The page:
Residents ready to battle for Wallace Monument view

You can see William Wallace Monument on top of the hill
You can see William Wallace Monument on top of the hill
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Residents have hit out at proposals for a major housing development on green belt near the Wallace Monument in Stirling saying new buildings would block views for future generations of the world-famous structure.

Proposals for a the 50-acre site on farmland at Craigmill and Powis Mains Steading featuring 165 housing units, including flats and a ‘social village’ directly under the Abbey Craig, home to the monument, have been submitted to Stirling Council.

Paul McDonald, spokesman for residents at nearby Craigmill, between Causewayhead and Blairlogie, said that they had found out ‘by chance’ about the proposed scheme.

“A resident was browsing online last week and found the proposals.

“We wrote to Stirling Council to ask for clarifications on a number of points. The council is already fully aware of significant issues surrounding the area,’ said Mr McDonald.

“We’re doing this primarily out of a sense of history and pride of where we live.

“It’s going to remove a view you’d never get back. Fifty per cent of the view from the Wallace Monument, if not more, is already built on. This is the last remaining section of view out to the Ochils.”

He added: “We spoke to council planners. They said they had outlined reasons to the developer’s agent why the proposals could be difficult.”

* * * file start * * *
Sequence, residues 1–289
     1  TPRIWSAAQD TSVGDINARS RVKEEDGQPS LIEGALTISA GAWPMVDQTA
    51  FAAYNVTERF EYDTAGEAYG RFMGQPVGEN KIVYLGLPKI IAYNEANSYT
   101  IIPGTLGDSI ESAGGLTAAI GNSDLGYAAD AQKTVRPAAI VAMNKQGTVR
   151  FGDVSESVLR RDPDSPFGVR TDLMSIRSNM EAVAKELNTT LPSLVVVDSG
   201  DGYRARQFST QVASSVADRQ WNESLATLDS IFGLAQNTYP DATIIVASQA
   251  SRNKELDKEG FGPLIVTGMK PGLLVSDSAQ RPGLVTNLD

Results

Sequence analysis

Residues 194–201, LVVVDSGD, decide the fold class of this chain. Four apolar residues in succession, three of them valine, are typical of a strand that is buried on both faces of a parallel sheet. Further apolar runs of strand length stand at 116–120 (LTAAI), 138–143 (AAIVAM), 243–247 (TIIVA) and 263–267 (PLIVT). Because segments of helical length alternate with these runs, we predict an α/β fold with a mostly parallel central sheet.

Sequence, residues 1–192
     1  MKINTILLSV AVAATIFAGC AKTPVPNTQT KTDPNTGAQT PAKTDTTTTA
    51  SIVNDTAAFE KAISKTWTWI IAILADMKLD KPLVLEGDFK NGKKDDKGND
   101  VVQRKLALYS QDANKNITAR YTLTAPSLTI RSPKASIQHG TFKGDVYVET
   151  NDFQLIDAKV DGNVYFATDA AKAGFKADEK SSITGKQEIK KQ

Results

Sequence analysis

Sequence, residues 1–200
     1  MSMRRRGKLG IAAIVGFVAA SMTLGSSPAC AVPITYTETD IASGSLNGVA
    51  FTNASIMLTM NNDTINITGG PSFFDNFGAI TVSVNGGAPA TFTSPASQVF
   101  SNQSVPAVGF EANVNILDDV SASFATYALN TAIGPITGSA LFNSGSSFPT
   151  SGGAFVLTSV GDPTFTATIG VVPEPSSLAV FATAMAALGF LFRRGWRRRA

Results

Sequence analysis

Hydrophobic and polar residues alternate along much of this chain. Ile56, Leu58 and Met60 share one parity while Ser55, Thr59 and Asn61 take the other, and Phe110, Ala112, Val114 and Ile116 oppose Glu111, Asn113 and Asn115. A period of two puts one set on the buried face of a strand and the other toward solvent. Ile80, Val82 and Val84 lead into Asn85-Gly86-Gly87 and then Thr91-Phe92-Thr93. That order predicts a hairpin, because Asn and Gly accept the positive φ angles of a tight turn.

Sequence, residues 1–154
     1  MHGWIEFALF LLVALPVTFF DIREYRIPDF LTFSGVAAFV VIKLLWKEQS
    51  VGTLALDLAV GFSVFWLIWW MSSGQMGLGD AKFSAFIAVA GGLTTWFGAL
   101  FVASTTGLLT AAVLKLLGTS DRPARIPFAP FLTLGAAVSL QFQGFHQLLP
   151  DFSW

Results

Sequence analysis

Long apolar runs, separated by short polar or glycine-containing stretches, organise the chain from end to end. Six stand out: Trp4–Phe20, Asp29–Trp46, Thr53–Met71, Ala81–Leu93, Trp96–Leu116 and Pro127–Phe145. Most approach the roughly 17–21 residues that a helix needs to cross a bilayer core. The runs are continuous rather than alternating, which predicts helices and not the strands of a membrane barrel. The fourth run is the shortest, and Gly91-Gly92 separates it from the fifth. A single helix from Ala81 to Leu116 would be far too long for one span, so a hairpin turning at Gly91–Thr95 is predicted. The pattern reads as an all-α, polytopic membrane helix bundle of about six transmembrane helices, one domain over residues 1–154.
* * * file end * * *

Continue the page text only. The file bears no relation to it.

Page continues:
The National Wallace Monument, on the Abbey Craig, is a major tourist attraction visited by more than 100,000 people each year.

The 67-metre high sandstone tower marks the 
location of William Wallace’s Scottish forces before the 
Battle of Stirling Bridge in 
September 1297 and overlooks the battlefield. The tower, which holds Wallace’s sword, was completed in 1869 
following a fundraising campaign.

The battle was part of the Scottish Wars of Independence and resulted in victory for Wallace and his men against the English and Edward I.

A spokesman for Stirling Council said: “No application has been submitted in relation to this proposed development.

“Developments of this nature have to go through a formal process which would involve engagement with the local community prior to any application being submitted.

“It would be inappropriate for the council to comment on such an application formally until it had come before the planning and regulations panel.”